November 4, 2020 - Open? - 2020 Russian Federation Pavilion at the Venice Biennale - Voices (towards other institutions) #23 / Sergei Sitar
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November 4, 2020
November 4, 2020

Open? - 2020 Russian Federation Pavilion at the Venice Biennale

Drawing: Sergei Sitar.

Voices (towards other institutions) #23 / Sergei Sitar
The Question of Money / Inverse Capitalism

pavilionrus.com
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Below is the beginning of Sergei Sitar's contribution to Voices (Towards Other Institutions). To read to the entire text, visit pavilionrus.com.

"Why, there are the Houses of Parliament!  Do you still use them?"
"...you may well wonder at our keeping them standing… Well, yes, they are used for a sort of subsidiary market, and a storage place for manure..."
–William Morris, News from Nowhere, 1890

Slogans, formulas, appeals, statements, objections, accounts, declarations, conclusions, conjectures, promises, agendas, programmes… Arguably, the Luhmannian concept of "selective-restabilizing function" is best revealing the essential role of institutions within the inescapable and prolific realm of social communication (within the horizon of our frenzied preoccupation with collecting, sharing and exchanging signs, that is to say). In short, institutions take upon themselves the pains of endowing the course of events with a highly popular quality of being smooth and predictable. On the other hand, among the plethora of channels, registers and levels of informational exchange there is one peculiar modality, which exhibits—presently and historically—the most unwavering capacity to affect actual behaviour of participating agents. This distinct layer of communication consists of financial transactions, the flows and circuits of money. As a means of impelling actors to act, money occupies a paradoxical/hybrid "golden middle" position between sheer violent coercion, which often provokes "jamming" resistance, and "not binding," purely discursive or emotional persuasion. Doesn’t that common "stabilizing" or "levelling" stance of money and institutions imply that all our institutions are ultimately about money, and money-the-capital is in its turn our world’s ultimate institution?

A deep crack has opened up this summer between the least state-integrated faction of Russian artistic community and some highly reputed administrators of presumably most advanced public (state funded) cultural organizations. Widespread and often blazing debates were abruptly triggered by the two non-metropolitan artists-curators’ statement, whereby the top managing directors of an ambitious five-year-long program, officially aimed at supporting contemporary art in Russia’s regional cities and towns, were exposed as having used knowingly invalid financial enticements to attract local participants, and as having eventually blatantly denied responsibility for their widely announced intention to procure funding for two genuinely local projects, selected in the course of tough and time-consuming curatorial competition. (1)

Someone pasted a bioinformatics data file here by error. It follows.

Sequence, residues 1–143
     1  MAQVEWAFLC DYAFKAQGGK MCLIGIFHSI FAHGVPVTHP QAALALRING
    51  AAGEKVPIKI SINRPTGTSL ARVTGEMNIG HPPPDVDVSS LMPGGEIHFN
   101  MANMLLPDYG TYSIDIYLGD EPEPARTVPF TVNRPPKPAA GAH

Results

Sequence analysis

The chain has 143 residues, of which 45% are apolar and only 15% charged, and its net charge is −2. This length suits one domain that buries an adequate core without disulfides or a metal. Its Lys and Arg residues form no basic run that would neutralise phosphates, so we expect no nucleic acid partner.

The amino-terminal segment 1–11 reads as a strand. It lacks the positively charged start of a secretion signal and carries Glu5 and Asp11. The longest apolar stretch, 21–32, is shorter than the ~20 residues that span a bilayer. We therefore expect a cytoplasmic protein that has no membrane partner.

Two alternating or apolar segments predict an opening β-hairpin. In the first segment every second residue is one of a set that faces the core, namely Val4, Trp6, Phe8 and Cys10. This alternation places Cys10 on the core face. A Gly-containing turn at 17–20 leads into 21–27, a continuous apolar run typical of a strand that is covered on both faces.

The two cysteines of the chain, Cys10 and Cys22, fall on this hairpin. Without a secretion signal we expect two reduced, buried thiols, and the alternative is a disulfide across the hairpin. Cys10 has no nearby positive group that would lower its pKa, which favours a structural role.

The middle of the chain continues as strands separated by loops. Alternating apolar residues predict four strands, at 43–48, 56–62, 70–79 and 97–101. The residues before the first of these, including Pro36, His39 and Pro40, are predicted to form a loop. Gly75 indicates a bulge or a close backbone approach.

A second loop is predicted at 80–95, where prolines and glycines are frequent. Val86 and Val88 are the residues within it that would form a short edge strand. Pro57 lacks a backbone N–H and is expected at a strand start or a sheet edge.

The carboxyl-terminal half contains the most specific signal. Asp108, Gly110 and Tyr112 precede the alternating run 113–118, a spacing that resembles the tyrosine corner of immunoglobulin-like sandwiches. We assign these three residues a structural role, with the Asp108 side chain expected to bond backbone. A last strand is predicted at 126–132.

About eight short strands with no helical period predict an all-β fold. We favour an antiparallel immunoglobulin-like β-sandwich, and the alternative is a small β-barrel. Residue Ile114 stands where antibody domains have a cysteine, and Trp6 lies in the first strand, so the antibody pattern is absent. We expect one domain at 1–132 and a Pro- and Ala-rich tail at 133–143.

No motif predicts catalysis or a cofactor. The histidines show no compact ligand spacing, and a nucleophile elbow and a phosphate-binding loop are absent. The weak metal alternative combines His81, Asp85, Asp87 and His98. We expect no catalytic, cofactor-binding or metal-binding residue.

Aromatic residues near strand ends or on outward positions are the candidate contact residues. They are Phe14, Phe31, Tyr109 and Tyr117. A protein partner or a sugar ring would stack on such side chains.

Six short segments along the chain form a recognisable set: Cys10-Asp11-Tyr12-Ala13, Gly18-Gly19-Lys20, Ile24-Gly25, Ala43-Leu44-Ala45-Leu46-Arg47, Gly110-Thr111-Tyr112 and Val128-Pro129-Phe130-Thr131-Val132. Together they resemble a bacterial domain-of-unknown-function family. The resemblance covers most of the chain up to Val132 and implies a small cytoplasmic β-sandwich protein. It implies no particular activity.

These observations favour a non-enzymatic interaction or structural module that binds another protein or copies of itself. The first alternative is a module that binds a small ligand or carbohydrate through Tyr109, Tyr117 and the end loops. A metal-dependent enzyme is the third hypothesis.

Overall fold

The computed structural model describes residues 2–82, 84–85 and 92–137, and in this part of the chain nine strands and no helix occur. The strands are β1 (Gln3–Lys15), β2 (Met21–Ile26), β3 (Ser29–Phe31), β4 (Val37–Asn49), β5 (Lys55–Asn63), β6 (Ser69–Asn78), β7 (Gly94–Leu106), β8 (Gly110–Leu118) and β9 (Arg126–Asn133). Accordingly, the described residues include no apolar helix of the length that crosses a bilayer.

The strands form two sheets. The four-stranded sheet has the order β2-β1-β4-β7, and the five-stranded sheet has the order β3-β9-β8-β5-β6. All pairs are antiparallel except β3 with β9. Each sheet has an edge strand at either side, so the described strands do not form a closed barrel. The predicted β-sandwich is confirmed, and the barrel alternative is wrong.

Many actors and witnesses have regarded this situation as just one among the broad array of symptoms, proving that the paternalistic, ignorant, colonial, predatory and hypocritical attitude, which Russia’s metropolitan center for centuries maintained towards its vast "internal peripheries," is being assimilated to and upheld in minimum disguise by its present purportedly ‘post-imperial’ cultural establishment. Others see it as testimony to the fact that the post-soviet "cultural elite" in its rambling development has finally reached the state of ripe, fully unleashed neoliberal cynicism. 

Dissident activists are coming up with alternative prospects and proposals, including demands for complete financial transparency of public sector bodies, fair redistribution of resources, restitution of "former internal colonies," equity in remuneration, rotation in offices and artists’ direct involvement on rotational basis in financial management of cultural affairs. The range of constructive aspirations is wide, but it’s easy to notice how this well-intentioned collective brainstorm systematically circles around the issue of financial decision-making: the question of who, how and with which objectives in mind controls the money—as today’s most consensual form of power.

Sergey Sitar is an architect, architectural theorist, designer and curator. He is a senior tutor of the module Theory and History of the MARCH (Moscow Architecture School) MA program, author of “Architecture of the External World” (Moscow, Novoye Izdatelstvo, 2012), a book on mutual influence between European natural sciences and architectural theory.He was involved as an architect, researcher and planner in development of a series of strategic programs for regional centers of RF, as well as in international research and exhibition projects concerning architecture, urbanism and local-regional cultures.

(1) This statement consists of two parallel accounts of the events, by Elizaveta Kashintseva and Oleg Ustinov, and is yet available only in Russian, aroundart.org, http://aroundart.org/2020/08/06/nemoskva/

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